"Wiley and the Hairy Man"

A One-Act Play by Suzan Zeder

The Hairy Man from the swamp. William Andrew

Playwright Suzan Zeder has reimagined and refashioned this southern folktale into a gripping play. Wiley is the son of Mammy, the best conjurer in the county, and his biggest fear is that the magical and frightening Hairy Man will get him just like he got his father.

Wiley must confront his fears, meet the Hairy Man deep in the swamp, and trick him three times if he wants the Hairy Man to leave him alone for good.

Although Wiley is terrified, he eventually summons his courage and overcomes the Hairy Man.

In the original folktale, Wiley plays the first two tricks and Mammy succeeds in playing the third. Zeder changed the ending in her dramatization so that it is Wiley who plays all three tricks and triumphs against the Hairy Man. Zeder felt it would be a more satisfying and truer ending for Wiley if he found the solution and creativity within himself to succeed. As a result, Wiley traverses the entire archetypical “hero” arc from naïve and scared beginner to vetted and wise hero in this strong one-act play.

Zeder has included a sort of Greek Chorus as a major element within this play. The four chorus members move fluidly about the stage and represent everything from trees to vines to quicksand and logs to sticker bushes. They speak, sing, and perform many sound effects throughout the play. They link the dialogue and scenes together by creating a subtly spooky background soundtrack that underscores the play’s action and dialogue, reminding the audience of what they need to remember.

Their movements must be well-rehearsed, coordinated uses of bodies in a fashion similar to modern dance. They collaborate as one unit that comes together and separates in deliberate and meticulous ways. The magic in this play relies heavily on these chorus members.

Set. Wiley and the Hairy Man is set in a swamp.

As in many southern folktales and “non European” derived stories, the natural world plays as big a “character” as the people themselves. Wiley travels from the home he shares with Mammy at the edge of the swamp to deep within the swamp to the Hairy Man’s territory. The set designer must come up with imaginative ways to provide fast and seamless transitions to all locations without disrupting the flow of action or the poetic rhyme. He or she must also consider all the ways in which the chorus members might move in and around set pieces to contribute to illusions like quick sand and thickets of bushes.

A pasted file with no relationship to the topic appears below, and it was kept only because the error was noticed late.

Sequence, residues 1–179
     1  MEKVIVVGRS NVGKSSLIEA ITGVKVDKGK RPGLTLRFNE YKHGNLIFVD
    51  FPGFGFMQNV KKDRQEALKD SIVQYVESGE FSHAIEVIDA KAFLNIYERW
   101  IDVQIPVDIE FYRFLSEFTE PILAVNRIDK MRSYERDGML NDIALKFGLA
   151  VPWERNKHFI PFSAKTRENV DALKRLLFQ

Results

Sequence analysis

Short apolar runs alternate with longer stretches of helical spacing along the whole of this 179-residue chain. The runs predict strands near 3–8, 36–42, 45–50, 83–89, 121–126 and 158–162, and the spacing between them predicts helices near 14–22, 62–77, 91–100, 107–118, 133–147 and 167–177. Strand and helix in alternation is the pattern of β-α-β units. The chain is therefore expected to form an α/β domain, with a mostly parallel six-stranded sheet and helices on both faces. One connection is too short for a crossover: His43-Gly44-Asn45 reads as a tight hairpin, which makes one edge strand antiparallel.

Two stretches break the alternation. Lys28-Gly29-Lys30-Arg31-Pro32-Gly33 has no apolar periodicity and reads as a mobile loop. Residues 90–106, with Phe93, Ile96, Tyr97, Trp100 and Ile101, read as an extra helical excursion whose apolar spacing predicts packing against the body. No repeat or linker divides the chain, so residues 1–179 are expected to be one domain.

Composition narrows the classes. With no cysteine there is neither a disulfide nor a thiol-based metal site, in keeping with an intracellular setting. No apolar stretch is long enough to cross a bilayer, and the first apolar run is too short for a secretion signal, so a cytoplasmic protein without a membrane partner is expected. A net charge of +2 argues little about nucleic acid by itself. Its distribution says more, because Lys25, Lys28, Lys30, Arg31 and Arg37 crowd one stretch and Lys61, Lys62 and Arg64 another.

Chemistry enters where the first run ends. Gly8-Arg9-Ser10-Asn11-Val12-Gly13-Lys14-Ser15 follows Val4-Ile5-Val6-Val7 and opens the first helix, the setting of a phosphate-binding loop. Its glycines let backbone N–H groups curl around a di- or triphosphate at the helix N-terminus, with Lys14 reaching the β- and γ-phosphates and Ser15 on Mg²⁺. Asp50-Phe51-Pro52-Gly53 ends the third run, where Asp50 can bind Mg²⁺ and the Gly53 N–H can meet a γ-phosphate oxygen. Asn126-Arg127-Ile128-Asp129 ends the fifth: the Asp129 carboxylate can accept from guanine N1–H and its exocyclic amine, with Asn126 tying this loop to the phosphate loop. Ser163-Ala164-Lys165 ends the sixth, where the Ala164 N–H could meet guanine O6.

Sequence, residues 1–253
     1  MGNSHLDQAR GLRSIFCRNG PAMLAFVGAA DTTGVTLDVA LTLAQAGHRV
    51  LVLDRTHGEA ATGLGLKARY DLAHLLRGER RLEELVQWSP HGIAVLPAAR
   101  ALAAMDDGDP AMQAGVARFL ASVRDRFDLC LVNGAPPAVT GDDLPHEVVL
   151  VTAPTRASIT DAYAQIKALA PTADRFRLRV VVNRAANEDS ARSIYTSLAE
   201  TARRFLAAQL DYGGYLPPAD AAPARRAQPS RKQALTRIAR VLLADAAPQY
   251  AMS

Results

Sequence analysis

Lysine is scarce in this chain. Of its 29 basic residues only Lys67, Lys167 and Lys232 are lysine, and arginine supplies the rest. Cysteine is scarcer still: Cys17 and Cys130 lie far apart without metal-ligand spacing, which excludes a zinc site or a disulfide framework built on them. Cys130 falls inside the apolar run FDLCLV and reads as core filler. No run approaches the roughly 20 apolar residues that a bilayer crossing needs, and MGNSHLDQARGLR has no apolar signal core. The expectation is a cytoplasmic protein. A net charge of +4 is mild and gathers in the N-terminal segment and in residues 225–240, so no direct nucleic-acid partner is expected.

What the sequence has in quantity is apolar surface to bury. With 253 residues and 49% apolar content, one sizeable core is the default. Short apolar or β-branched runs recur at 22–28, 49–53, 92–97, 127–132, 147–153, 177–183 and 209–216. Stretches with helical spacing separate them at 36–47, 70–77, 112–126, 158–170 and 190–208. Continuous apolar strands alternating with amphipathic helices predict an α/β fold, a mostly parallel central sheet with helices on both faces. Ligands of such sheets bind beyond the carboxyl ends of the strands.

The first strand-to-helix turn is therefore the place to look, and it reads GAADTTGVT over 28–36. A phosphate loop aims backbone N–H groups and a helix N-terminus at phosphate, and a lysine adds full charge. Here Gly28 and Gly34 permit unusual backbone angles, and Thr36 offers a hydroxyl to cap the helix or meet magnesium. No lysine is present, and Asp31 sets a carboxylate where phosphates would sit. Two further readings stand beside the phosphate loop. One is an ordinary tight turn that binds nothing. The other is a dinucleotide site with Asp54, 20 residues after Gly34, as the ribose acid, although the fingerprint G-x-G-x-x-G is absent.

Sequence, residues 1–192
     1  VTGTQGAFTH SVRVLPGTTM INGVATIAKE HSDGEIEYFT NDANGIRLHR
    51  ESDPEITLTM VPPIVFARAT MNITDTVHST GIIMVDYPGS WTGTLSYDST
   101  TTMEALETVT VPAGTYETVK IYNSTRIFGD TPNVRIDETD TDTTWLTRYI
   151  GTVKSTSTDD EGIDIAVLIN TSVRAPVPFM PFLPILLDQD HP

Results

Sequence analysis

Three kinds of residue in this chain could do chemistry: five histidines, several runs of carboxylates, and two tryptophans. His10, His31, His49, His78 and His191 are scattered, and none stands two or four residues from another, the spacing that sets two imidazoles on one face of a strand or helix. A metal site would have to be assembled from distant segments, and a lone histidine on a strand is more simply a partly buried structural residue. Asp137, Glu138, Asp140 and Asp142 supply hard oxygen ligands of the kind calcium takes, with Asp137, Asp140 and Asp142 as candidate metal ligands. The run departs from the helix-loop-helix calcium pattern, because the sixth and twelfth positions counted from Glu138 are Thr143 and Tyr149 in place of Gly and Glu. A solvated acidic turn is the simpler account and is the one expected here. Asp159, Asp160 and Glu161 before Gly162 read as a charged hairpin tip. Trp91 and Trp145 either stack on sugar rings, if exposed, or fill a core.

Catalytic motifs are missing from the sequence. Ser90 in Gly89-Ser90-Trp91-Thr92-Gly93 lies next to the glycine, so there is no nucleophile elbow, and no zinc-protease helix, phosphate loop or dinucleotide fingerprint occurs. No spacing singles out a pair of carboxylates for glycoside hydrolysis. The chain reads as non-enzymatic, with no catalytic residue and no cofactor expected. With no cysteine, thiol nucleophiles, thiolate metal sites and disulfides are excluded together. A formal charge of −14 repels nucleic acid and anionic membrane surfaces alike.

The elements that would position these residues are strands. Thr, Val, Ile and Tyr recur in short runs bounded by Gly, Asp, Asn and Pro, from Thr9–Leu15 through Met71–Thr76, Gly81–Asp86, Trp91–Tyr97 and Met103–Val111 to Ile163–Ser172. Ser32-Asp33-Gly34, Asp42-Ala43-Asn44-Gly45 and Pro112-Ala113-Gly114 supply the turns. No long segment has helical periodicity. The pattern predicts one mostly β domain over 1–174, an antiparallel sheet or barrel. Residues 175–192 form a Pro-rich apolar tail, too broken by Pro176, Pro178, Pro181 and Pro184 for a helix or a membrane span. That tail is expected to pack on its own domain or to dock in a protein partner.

In the production notes, Suzan Zeder writes that the stage should be set “with a gloomy and mysterious atmosphere,” with the actors already on stage when the audience enters. The set is as large a part of the magic of the production as the characters, chorus, and dialogue. See this video for one example of a set, sound, and chorus movements.

Although Wiley and the Hairy Man is at times intense and scary, it is an engaging story with a wonderful message. Susan Zeder does not “dumb down” the action and the play will keep all audience members – young and adult - entranced until the end.

Setting: Mammy’s House and the Swamp

Time: Any time.

Cast Size: This play can accommodate 8 actors. Suzan Zeder suggests four actors for the chorus, but notes that more may be used.

Male Characters: 3

Female Characters: 1

Characters that could be played by males or females: 4+


Wiley is a boy on the verge of adulthood. He has many things to learn, but he does not believe he can learn them. He feels that he is too young, incapable and scared to succeed.

Mammy is the best conjurer in the county. She believes her son has it within him to join her in being a skilled conjurer, but she is continually frustrated with his lack of focus and confidence.

Wiley’s Dog is his fierce, loyal, constant companion who will do anything to protect Wiley from the Hairy Man.

The Hairy Man is an evil conjurer from the deep swamp. He got Wiley’s father and he’s going to get Wiley too.

He can’t be “out magic-ed,” he can’t be “out fought,” he can’t be “out licked,” he can’t be “out bit”…but he can be "out tricked."

Chorus (4 suggested, more possible)

Content Issues: Negligible

Wiley and the Hairy Man is available to purchase for production through Dramatic Publishing. It is also part of the collection in the book Wish in One Hand Spit in the Other: A Collection of Plays by Suzan Zeder.

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Your Citation
Flynn, Rosalind. ""Wiley and the Hairy Man"." ThoughtCo, Oct. 13, 2015, thoughtco.com/wiley-and-the-hairy-man-2712905. Flynn, Rosalind. (2015, October 13). "Wiley and the Hairy Man". Retrieved from https://www.thoughtco.com/wiley-and-the-hairy-man-2712905 Flynn, Rosalind. ""Wiley and the Hairy Man"." ThoughtCo. https://www.thoughtco.com/wiley-and-the-hairy-man-2712905 (accessed November 20, 2017).